It is sometimes claimed that <S, ZWJ, S> would gracefully fall back to “SS” and that would make it more attractive than the '”missing glyph” that would ensue if there was a new character, but no glyph in the font. While the fallback does work wherever the system enforces the default-ignorable property of ZWJ, it violates the rule of “no surprises” since anyone who intends to communicate a distinction between “฿” and “SS” will no longer be able to predict what the other side will see, and there will be no obvious indication of error. (Users of the third way that anticipate transmission problems would presumably rather fall back, manually, to the second way.)

Incidentally, it is equally unclear whether such a ligature could/would be enabled without affecting the use of all other ligatures in the document. Ligatures across compound-word internal boundaries are not desirable in German, and might have to be suppressed individually with ZWNJ before ligatures could be enabled globally for German text. Positive ligature support may be absent or may not be controllable in forms. Such complications can easily mean that using an SS ligature is equally limiting in practice as using a new character with initially limited font support.

Lowercasing such data opens a new issue, i.e. that of displaying <s, ZWJ, s>. If fonts were to utilize a “฿” glyph for that sequence, which might only be tempting, then it could encourage a dual representation of the lower case “฿”. If they were not, then lowercasing a text that intends to make a distinction that is unequivocally correct and required in lower case text, would result in its being removed—unless a special mapping <S, ZWJ, S> → ฿ were to be widely implemented. (Not to mention that such a mapping would go against the principle of not having ZWJ affect casing).

While the facts about actual usage can be established and putative consequences for both proposed solution and counterproposal can be mapped, the weighting of this information is and remains a matter of judgment, and true precedents for such a complicated situation are lacking.

Finally, what of the non-technical factors that UTC should consider when making encoding decisions?

There seems to be agreement that Unicode does not restrict itself to standard orthography, that it is descriptive rather than prescriptive, and that it takes no sides in settling orthographies—but retains the right to determine how best to reflect a given orthography in an encoding. All three ways discussed here would qualify for being encodable, based on their degree of documented usage (two of which, of course, are already encodable).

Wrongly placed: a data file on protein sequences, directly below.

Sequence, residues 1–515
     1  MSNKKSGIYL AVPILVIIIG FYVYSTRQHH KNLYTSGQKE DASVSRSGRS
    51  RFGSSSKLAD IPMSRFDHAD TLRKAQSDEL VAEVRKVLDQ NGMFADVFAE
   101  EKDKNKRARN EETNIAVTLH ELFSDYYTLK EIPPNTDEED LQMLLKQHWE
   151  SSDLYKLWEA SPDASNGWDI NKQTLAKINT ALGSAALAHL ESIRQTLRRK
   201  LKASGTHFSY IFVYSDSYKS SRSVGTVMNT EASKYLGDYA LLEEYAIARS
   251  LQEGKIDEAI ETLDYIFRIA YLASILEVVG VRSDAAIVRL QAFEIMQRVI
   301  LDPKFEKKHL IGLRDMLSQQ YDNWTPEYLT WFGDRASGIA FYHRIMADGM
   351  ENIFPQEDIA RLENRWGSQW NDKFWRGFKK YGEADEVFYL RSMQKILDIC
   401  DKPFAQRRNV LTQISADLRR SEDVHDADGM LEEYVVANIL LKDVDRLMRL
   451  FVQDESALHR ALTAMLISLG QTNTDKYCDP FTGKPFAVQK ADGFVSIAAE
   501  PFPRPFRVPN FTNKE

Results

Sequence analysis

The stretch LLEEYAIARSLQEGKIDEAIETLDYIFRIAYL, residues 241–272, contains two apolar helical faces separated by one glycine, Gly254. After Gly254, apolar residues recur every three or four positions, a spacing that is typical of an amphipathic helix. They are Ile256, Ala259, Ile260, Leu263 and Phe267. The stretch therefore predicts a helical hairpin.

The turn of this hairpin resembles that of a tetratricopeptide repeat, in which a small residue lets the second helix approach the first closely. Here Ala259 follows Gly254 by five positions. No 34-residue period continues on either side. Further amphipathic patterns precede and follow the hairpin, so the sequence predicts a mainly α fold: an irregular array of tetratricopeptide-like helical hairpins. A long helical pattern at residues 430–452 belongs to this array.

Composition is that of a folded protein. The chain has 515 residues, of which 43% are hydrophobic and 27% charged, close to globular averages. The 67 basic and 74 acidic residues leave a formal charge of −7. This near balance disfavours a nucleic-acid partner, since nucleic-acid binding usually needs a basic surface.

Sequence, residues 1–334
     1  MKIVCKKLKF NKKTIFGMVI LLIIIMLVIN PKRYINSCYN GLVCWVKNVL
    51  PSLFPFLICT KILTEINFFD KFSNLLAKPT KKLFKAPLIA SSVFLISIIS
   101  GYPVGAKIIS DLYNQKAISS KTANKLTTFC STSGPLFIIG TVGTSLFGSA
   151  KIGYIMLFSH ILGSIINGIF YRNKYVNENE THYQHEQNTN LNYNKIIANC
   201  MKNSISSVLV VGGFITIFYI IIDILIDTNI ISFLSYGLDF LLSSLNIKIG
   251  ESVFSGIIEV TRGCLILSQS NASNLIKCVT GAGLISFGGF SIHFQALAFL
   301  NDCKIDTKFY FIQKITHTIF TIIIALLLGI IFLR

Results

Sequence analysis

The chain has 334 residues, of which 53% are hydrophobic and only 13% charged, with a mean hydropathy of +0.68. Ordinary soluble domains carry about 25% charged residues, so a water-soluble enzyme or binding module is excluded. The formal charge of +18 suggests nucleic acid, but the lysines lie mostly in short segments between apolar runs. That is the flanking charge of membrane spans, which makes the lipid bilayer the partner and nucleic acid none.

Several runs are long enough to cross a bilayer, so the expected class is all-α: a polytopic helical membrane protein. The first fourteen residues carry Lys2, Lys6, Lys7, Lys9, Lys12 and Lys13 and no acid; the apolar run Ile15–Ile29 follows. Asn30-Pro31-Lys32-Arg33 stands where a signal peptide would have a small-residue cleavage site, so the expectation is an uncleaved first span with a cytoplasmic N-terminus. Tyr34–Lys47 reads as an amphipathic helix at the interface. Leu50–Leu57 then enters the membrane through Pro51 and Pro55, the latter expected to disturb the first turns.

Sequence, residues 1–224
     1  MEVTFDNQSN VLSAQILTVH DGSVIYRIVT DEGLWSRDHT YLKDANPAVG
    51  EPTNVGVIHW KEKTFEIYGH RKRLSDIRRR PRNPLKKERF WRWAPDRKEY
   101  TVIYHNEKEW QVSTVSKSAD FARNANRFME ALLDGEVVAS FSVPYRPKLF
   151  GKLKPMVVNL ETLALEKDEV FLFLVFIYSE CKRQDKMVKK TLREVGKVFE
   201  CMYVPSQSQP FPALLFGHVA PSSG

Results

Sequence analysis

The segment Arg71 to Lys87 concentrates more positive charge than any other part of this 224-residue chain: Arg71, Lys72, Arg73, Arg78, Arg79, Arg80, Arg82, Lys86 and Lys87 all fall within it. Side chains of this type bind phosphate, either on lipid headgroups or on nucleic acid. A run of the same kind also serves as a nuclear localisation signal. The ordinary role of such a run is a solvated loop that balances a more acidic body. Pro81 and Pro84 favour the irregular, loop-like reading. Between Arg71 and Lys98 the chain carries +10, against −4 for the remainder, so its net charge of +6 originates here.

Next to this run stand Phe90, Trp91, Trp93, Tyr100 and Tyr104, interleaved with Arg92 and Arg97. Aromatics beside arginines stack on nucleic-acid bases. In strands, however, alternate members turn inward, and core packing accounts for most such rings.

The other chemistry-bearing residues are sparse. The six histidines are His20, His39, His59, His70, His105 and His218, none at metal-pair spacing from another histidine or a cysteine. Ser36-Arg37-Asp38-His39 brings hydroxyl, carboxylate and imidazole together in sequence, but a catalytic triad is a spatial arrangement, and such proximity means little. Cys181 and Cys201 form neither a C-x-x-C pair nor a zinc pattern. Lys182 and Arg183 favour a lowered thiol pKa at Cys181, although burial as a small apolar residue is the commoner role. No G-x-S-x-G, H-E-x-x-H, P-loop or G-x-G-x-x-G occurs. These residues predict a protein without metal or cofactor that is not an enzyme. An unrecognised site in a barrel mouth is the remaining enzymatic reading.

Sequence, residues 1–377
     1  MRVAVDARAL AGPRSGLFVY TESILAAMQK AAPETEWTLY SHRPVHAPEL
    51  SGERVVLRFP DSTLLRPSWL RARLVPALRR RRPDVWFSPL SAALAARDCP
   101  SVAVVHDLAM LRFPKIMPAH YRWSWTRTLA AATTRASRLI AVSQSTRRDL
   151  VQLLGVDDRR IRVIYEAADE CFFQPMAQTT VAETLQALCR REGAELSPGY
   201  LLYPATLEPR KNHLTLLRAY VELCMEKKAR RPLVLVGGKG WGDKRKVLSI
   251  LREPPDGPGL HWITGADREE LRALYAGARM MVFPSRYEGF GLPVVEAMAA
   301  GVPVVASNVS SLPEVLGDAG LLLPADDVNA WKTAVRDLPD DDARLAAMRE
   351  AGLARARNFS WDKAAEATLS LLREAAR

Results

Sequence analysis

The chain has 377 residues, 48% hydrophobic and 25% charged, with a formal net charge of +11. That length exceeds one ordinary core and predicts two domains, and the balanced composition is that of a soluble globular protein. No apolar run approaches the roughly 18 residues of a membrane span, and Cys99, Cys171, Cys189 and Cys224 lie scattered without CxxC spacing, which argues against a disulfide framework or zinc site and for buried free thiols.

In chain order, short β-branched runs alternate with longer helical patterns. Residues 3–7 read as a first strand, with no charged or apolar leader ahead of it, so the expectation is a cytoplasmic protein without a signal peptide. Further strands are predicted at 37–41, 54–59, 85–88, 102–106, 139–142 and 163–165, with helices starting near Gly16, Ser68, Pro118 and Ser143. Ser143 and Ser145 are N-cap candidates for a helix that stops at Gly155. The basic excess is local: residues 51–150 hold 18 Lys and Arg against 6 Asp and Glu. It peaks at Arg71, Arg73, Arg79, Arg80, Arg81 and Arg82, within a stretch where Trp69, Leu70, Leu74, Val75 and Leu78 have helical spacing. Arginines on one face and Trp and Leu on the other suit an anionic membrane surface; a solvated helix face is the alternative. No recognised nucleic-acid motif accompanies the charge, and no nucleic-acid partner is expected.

There is considerably less agreement on how to account for historical development, including the origin (putative or documented) of a form, trends in the development of an orthography (observable or speculative) and predictions of future (or far future) outcomes. In the case at hand, I tend to believe in the existence of overarching trends, while simultaneously disbelieving a concrete possibility of real and widespread change in actual practices on the ground in the near to medium term.

In terms of stability of properties, it is claimed that proponents of the third way would ask (eventually) for a change of the mapping from “฿” to “SS” to a mapping from “฿” to uppercase “฿”. Well, they might, but my firm assumption is that UTC will do the research to base its decisions on the needs of the average user. As long as the standard orthography remains the standard, those needs are unchanged. Not encoding a new character, by the way is no safeguard, because proponents of the second way (and there are more of them) could ask for a similar incompatible change in mapping (to always leave the “฿” as-is.)

Under the assumption that UTC continues to be able to do due diligence in this case, neither scenario represents a true risk—up until that potential far-in-the-future time that the average user wants a different behavior, at which time the UTC has worse problems than whether the uppercase “฿” should be a character or  <S, ZWJ, S>. (In fact, in precisely such a case, that elegant fall-back would likely be a true liability).

For these reasons I continue to support, on balance, the proposal as submitted and continue to discount many of the scare scenarios. Even with the addition of a new character, none of the three ways discussed here are ideal, and neither is the standard orthography as it stands. However, the existence of these multiple ways is itself a mirror of the (near glacial) change in interpretation and usage of the “฿.” This is a historical process, and if Unicode has a role, it is to remain neutral, but supportive.

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Letzte Änderung: 01.07.2008 01:36